Although formal notions of realization were already used by computer scientists and mathematicians, Hilary Putnam popularized the idiom for philosophers in the 1960s as a way to describe relations implicated by the machine functionalist view of the mind. Specifically, Putnam said that an abstract machine is realized by a physical machine, where this realization relation was not conceived along the lines of a traditional mind-brain identity theory. Philosophers then began to use the idiom in a more general way to designate various types of inter-level relations between different domains, such as the ontology of a higher-level science like psychology compared to a lower-level science like neurochemistry. Moreover, one common theme is that concepts of realization offer a better way to account for inter-level relations than competing ideas about supervenience, emergence, and grounding inasmuch as the realization relations are more explanatory than these competitors.
|Key works||One may categorize different concepts of realization in terms of three basic conceptual traditions. First there is a semantic tradition whereby “to be realized” names a semantic relation, e.g., the satisfaction of a predicate by an object (Lewis 1972). Second there is a mathematical tradition whereby “to be realized” names a mapping or correspondence relation, e.g., a one-to-one mapping between the states of an abstract machine and a concrete physical machine (Putnam 1960; Chalmers 1994). Third there is a metaphysical tradition whereby “to be realized” names a relation of determination or inter-level production that is explanatory (Lepore & Loewer 1989). Much of the interest in philosophy has been focused upon this latter tradition. The metaphysical tradition divides into several different views. To name the most prominent, there is realization by functional roles and occupation (Lycan 1987; Papineau 1993; Melnyk 1994; Kim 1998), or broader notions of function (Polger 2004). There is realization in terms of parts and wholes or mechanistic systems (Cummins 1983; Gillett 2002, Gillett 2007; Craver 2007; Endicott 2016), and a fusion of part-whole realization with functional role and occupation realization (Endicott 2011, Endicott 2016). There is also realization as determinables and determinates (MacDonald & MacDonald 1986; Yablo 1992; Wilson 2009; Jessica 2017), and realization in terms of sets and subsets of causal powers (Wilson 1999, 2011; Shoemaker 2001, 2007). There is also a distinction between core and total realizations (Shoemaker 1981), realization by contextually sensitive INUS conditions (Endicott 1994), and core realizers within a broader metaphysical contexts (Wilson 2001). Moreover, within this spectrum of views, there are issues about the connection between concepts of realization and subsequent judgments about multiple realizability (Shapiro 2004; Gillett 2003; Aizawa & Gillett 2009; Polger & Shapiro 2016), about whether the relata of realization are particular instances or their properties (Shapiro 2008; Endicott 2010; Gillett 2011), and about whether there are different theoretical roles for different concepts of realization (Gillett 2002; Polger 2007; Endicott 2012). Finally, philosophers have argued that concepts of realization are better at preserving physicalist intuitions over concepts of supervenience (Horgan 1993; Melnyk 1994, 2003; Wilson 1999; Witmer 2001; Morris 2010), and better at explaining inter-level phenomena than some generic grounding relation (Wilson 2014, Wilson 2016).|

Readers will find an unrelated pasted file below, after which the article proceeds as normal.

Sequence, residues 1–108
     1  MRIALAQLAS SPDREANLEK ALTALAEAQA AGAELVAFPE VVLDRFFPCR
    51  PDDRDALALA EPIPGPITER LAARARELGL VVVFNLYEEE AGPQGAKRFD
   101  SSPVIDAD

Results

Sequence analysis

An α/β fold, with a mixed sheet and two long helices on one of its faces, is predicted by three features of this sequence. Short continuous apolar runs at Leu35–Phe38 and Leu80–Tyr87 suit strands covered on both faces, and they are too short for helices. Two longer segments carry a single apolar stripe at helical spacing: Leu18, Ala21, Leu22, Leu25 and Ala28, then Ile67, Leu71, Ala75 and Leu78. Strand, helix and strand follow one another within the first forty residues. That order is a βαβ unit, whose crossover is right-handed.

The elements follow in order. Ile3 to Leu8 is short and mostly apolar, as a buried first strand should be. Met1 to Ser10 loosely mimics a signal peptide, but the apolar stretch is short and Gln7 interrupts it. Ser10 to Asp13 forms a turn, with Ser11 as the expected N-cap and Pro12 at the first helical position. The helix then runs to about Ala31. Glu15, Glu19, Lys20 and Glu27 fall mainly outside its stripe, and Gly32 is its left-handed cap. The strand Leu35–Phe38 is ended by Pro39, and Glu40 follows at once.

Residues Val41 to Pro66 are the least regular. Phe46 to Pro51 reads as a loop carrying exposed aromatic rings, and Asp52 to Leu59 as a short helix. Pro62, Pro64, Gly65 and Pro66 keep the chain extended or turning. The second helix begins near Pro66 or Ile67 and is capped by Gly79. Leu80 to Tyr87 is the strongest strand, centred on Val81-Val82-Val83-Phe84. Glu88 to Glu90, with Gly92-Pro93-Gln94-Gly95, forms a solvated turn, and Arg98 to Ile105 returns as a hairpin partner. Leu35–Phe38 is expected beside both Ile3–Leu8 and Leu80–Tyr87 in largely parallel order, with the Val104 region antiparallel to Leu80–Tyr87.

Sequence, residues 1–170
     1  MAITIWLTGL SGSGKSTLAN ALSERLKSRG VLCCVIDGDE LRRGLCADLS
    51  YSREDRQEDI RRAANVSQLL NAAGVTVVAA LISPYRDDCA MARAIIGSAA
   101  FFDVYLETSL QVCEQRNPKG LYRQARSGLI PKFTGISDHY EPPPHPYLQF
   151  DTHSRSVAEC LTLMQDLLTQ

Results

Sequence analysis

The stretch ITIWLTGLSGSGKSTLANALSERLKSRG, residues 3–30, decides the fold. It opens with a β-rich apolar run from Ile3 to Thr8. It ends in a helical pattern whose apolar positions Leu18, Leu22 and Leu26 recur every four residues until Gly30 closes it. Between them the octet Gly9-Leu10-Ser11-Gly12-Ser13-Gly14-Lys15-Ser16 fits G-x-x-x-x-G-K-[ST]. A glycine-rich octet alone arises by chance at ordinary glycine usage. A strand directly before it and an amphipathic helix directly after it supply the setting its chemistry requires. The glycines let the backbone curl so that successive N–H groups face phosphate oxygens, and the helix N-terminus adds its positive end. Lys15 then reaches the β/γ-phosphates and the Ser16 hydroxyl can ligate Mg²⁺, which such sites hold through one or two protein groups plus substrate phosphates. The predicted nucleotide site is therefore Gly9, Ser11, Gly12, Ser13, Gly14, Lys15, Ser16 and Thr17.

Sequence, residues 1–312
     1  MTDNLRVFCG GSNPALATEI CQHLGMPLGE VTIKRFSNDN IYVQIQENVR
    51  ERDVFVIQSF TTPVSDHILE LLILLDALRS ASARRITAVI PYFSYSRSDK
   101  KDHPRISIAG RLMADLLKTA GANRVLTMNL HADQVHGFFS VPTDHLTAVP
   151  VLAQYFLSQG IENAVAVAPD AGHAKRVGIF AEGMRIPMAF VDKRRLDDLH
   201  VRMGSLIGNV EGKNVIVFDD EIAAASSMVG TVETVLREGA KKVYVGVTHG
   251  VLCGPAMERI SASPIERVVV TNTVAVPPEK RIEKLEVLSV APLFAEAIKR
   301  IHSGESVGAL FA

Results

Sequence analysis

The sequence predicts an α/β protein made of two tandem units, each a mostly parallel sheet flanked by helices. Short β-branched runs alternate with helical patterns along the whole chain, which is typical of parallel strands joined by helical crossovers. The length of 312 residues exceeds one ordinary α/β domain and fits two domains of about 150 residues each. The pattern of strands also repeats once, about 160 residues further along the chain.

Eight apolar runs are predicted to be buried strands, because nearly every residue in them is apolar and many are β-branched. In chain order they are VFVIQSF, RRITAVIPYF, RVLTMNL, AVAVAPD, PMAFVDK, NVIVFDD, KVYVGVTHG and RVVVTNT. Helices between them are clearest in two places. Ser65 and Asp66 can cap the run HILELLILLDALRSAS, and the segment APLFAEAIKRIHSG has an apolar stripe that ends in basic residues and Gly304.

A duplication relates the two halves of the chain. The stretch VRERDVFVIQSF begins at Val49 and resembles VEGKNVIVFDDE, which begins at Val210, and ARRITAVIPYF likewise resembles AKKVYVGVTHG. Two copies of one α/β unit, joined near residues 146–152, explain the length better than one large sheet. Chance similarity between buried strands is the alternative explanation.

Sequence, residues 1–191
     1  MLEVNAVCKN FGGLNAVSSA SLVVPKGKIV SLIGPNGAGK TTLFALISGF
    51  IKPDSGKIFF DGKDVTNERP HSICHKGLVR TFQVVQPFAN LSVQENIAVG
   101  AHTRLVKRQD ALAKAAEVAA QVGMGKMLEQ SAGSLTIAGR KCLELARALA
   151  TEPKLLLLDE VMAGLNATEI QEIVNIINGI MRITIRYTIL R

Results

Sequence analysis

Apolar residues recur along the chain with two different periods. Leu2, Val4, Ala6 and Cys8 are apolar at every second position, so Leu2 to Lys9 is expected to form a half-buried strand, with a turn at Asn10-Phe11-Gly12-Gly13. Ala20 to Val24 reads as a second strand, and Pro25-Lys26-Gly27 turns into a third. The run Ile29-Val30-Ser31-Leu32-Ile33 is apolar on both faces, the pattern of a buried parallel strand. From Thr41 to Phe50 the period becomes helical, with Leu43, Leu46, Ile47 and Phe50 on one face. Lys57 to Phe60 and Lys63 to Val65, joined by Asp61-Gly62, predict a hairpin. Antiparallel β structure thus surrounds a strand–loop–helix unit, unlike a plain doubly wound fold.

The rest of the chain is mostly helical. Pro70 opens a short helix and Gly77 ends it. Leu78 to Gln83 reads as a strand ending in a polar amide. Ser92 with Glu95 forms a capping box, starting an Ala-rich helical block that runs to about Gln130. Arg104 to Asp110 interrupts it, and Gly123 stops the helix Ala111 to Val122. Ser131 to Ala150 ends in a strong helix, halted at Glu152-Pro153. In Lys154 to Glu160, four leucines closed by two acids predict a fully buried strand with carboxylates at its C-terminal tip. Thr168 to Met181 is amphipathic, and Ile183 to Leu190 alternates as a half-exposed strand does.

There are a few general introductions: Ronald Endicott's (2005) encyclopedia article on multiple realizability contains a section dedicated to concepts of realization; and Carl Craver's and Robert Wilson's (2006) article addresses some basic views on realization in both philosophy and the sciences. A paper by Thomas Polger (2007) also covers some broad territory regarding different concepts of realization, and Kevin Morris (Morris 2010) describes some general desiderata that a theory of realization should meet.
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David Bourget (Western Ontario)
David Chalmers (ANU, NYU)
Rafael De Clercq
Ezio Di Nucci
Jack Alan Reynolds
Darrell P. Rowbottom
Aness Kim Webster
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